Fears of New Crackdown on Monks

Missing Tibetan monks are taken for 'political reeducation.'

Monks pray in a temple in Tibet's capital Lhasa, Dec. 16, 2011.

Fourteen senior Tibetan monks have been detained and sent for “political reeducation” to a monastery in Tibet’s Nagchu prefecture, sources said, amid fears of a new crackdown on Tibetan religious leaders.

They were summoned by Chinese officials for a “meeting” on Jan. 14, and were taken into custody after leaving their monasteries, with their whereabouts at first unknown.

The monks—who come from the Sera, Drepung, and Ganden monasteries and the Jokhang Temple in the Tibet Autonomous Region’s (TAR) capital Lhasa—are being held in Nagchu’s Penkar monastery, a Swiss-based Tibetan named Sonam told RFA’s Tibetan Service on Wednesday, citing sources with contacts in Tibet.

“The Chinese authorities called the monk leaders of the monasteries to attend a special meeting, and when they left their respective monasteries they were detained and taken away,” he said, adding, “The monks of the three monasteries and the Tsuklakhang [Jokhang] are very worried.”

“They fear this may be a repetition of the crackdown on the monk leaders [of the Lhasa-area protests] of 2008, and they are concerned about the possible intentions of the Chinese authorities.”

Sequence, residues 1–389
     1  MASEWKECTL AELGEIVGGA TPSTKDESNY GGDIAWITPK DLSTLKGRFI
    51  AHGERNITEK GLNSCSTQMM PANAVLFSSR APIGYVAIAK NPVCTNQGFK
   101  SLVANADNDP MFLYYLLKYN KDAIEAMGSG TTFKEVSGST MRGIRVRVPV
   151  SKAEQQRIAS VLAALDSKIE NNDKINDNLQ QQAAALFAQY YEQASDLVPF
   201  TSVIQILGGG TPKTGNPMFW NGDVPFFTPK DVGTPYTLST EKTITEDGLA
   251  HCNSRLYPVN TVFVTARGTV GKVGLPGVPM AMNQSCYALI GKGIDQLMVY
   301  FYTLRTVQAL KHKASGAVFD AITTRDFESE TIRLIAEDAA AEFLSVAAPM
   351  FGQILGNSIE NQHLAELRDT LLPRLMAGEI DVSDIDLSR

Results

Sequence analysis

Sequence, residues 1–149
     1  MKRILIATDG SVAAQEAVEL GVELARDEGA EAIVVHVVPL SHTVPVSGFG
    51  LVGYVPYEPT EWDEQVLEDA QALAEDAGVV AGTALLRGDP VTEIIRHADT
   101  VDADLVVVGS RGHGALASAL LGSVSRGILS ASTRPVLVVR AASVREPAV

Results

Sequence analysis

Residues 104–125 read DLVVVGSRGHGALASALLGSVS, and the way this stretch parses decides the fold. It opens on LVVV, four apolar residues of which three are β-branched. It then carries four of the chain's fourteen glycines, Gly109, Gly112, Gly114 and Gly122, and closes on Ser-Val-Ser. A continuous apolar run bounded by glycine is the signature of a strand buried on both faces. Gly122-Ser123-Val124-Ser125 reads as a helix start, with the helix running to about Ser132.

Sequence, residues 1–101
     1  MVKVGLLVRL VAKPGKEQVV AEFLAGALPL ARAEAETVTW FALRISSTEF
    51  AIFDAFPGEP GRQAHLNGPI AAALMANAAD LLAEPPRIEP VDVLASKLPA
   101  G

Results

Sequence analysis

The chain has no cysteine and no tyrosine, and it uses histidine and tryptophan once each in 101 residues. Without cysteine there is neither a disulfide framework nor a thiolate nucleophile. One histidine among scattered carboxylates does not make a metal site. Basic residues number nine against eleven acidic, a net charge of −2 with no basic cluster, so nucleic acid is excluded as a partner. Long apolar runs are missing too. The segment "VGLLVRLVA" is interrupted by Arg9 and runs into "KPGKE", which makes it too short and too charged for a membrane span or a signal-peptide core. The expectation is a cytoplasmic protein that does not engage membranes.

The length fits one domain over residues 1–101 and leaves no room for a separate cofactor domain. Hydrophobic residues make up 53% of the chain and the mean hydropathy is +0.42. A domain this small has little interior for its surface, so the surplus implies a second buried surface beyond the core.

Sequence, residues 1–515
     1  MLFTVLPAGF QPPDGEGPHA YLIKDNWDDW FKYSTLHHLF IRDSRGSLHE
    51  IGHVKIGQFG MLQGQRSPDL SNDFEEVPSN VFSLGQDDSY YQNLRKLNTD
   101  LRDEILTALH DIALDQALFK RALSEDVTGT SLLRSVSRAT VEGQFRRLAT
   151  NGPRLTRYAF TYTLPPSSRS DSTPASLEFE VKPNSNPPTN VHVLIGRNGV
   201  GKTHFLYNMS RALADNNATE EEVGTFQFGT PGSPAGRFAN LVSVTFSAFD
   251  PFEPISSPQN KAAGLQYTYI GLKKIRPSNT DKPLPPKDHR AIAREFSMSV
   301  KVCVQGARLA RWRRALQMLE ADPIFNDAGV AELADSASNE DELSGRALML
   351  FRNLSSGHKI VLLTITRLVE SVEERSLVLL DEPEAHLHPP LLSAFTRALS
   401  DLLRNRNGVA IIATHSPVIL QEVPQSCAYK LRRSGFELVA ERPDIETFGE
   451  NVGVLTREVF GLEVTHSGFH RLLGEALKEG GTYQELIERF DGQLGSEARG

Daily religious activities in the Lhasa-area monasteries have been “adversely affected,” Sonam said.

Sonam identified the detained monks as Khenpo [Abbot] Jampel Lhaksam, chant leader Ngawang, and teachers Ngawang Donden, Ngawang Palsang, and Ngawang Samten from Drepung.

Also detained were Sera monastery’s disciplinarian Migmar, chant leader Samten, and teachers Ngawang Lodro and Tashi Gyaltsen, together with Ganden monastery’s Kalden and Lobsang Ngodrub, and the Jokhang Temple’s Tseten Dorje, Lundrub Yarphel, and Ngawang Lophel, Sonam said.

Increasing interference

In a report last year, the U.S. Commission on International Religious Freedoms (USCIRF) noted increasing “official interference in monastic life and religious practice in Tibetan areas” during 2011.

“Patriotic education campaigns … were carried out with renewed intensity and frequency at monasteries and nunneries across the Tibetan Plateau,” the report said.

Focuses of the campaigns included education in Chinese law, denunciations of exiled spiritual leader the Dalai Lama, and the study of materials praising the leadership of the ruling Chinese Communist Party, USCIRF said.

News of the detained monks' whereabouts came as Beijing appointed a new governor for Tibet who experts say is a hard-liner who will have little inclination or influence to moderate Beijing’s tough policies in the restive region.

Ethnic Tibetan Losang Gyaltsen, 55, was elected at the end of the annual meeting of the regional legislature of the TAR and replaces outgoing governor Padma Choling.

The largely figurehead post is seen as subordinate to the more powerful regional secretary of the ruling Chinese Communist Party, a position traditionally held by Han Chinese.

Reported by Lumbum Tashi for RFA’s Tibetan Service. Translated by Karma Dorjee. Written in English by Richard Finney.


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